We put up a Christmas tree in anticipation of family from Europe coming to visit for the holidays. As far as we know, Nenette had never seen a Christmas tree. We haven’t decorated it yet… so far, it just has the lights that came with it.

 

Nenette doesn't know what to do with this fake tree in the house.

Nenette doesn’t know what to do with this fake tree in the house.

 

As for Cita, our outdoor fur-child:

 

Cita reminds me of a cartoon character in this pic. I just can't think of which one.

Cita reminds me of a cartoon character in this pic. I just can’t think of which one.

 

She loves plants more than anything.

 

Plants are Cita's favorite things on earth.

Plants are Cita’s favorite things on earth.

 

And she loves her bed in the laundry room!

 

A sudden sound outside caused Cita to make this face just as I was about to take her picture.

A sudden sound outside caused Cita to make this face just as I was about to take her picture.

 

That’s it for now! I’ll try to post kitty updates more often in 2017. I can’t believe we’re within weeks of the new year. Yikes.

“Who saved who?” Nounours’ happy beginning! (Kitty updates.)

Nounours. Precious Nounours.

When we gave him up for adoption, our dream scenario for Nounours was that he’d go home with an older lady who lived alone and loved cats and wanted just one cat on whom she could lavish all of her love and attention, all day long.

“Everyone wants that for their cat,” said the adoption manager. “But unfortunately, that very rarely happens.” She imparted the reality gently, with careful kindness.

But six weeks later, our perfect dream for Nounours came true.

A group of donors visited the cattery, as groups of donors do, meeting and interacting with the cats. One of them emerged from Nounours’ room and remarked that he would be perfect for her mother-in-law, who lived alone and wanted a cat who would sit quietly on her lap. After just a short visit, it was clear that sitting quietly on a lap was Nounours’ area of expertise.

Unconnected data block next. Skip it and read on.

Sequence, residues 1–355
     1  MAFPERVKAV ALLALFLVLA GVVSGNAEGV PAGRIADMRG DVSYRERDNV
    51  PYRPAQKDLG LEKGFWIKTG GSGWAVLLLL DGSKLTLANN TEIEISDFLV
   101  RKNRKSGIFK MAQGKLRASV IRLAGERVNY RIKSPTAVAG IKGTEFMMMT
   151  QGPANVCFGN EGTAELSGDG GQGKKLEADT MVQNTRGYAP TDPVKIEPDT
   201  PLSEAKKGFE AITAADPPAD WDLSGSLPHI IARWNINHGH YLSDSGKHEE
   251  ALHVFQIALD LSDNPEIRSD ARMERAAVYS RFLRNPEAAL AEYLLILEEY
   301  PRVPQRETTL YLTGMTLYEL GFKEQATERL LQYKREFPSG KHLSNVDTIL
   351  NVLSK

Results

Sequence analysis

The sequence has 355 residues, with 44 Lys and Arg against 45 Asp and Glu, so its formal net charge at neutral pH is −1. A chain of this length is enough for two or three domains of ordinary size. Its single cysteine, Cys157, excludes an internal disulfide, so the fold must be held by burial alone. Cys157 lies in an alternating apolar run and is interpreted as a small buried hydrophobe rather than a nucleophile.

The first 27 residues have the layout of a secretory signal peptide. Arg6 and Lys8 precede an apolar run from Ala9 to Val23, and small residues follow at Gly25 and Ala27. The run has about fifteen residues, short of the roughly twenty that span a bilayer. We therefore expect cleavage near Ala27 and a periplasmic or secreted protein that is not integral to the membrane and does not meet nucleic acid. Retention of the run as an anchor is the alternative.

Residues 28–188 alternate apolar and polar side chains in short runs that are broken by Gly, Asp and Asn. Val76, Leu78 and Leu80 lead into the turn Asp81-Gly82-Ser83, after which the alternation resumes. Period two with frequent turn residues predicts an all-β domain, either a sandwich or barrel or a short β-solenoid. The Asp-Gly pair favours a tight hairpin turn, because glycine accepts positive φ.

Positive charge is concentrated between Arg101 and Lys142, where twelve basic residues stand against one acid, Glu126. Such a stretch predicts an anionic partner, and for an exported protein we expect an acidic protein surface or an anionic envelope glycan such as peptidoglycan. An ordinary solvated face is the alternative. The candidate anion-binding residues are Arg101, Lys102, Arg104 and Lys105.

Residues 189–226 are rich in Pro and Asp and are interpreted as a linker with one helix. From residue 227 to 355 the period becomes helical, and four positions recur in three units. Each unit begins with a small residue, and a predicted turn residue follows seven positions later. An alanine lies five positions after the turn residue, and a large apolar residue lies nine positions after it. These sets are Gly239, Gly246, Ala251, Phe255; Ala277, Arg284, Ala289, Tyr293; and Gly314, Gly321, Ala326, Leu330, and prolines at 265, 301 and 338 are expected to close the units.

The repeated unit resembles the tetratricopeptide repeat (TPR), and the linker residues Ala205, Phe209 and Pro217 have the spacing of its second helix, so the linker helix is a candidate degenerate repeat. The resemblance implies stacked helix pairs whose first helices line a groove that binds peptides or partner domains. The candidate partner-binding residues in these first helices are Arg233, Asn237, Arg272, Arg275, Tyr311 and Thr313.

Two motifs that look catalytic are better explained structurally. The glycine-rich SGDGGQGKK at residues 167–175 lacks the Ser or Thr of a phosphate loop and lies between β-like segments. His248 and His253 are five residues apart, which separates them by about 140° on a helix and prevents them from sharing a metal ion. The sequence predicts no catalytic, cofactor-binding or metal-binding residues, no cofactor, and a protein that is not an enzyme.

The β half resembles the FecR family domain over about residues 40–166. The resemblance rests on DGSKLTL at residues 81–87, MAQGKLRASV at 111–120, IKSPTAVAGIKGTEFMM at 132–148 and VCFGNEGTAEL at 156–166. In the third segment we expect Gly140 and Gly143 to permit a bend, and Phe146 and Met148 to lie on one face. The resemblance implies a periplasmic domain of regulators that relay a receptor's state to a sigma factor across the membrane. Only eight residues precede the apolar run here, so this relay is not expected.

The mother-in-law came to visit Nounours. She went into his room and stayed for an hour. Then she came out and said that Nounours was The One. When she returned to complete the adoption process and take him home, they opened the kitty carrier, and he “strolled right in.”

Nounours had spent six weeks snuggling and purring his way into everyone’s hearts. He had been very popular at the cattery. He was a rock star, literally… because of his personality, looks, and ability to sit still, he’d been chosen to appear in the shelter’s 2017 calendar. The photographer loved him. All of the shelter workers and volunteers loved him. They were happy for him when he met his Mom and went home with her, but they were sad to see him go, too.

That is Nounours. He is an angel with healing gifts.  We knew that Nounours would be the one saving a life… and he did.

Nounours had several other adoption opportunities, but because of the shelter’s excellent vetting and matching-up process, he went home with exactly the right person for him. Nounours now has all the love, lap-time, and undivided attention he deserves. We are grateful beyond words.

 

Sweet Nounours.

Sweet Nounours.

 

…and we still love him and miss him so, so much.

As for updates chez nous, things have come full circle. Cita has returned to ruling her backyard, where she has the run of the land… and Nenette now has the run of the house.